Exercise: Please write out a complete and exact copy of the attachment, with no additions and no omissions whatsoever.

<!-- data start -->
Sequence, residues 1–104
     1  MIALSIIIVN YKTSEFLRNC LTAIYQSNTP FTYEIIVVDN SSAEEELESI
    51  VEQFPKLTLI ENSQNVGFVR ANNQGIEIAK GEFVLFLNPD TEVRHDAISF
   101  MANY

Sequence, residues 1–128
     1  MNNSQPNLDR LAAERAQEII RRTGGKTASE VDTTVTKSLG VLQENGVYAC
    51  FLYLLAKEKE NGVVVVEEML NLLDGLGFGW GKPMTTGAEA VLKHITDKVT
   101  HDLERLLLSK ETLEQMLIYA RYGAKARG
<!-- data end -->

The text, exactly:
Sequence, residues 1–104
     1  MIALSIIIVN YKTSEFLRNC LTAIYQSNTP FTYEIIVVDN SSAEEELESI
    51  VEQFPKLTLI ENSQNVGFVR ANNQGIEIAK GEFVLFLNPD TEVRHDAISF
   101  MANY

Sequence, residues 1–128
     1  MNNSQPNLDR LAAERAQEII RRTGGKTASE VDTTVTKSLG VLQENGVYAC
    51  FLYLLAKEKE NGVVVVEEML NLLDGLGFGW GKPMTTGAEA VLKHITDKVT
   101  HDLERLLLSK ETLEQMLIYA RYGAKARG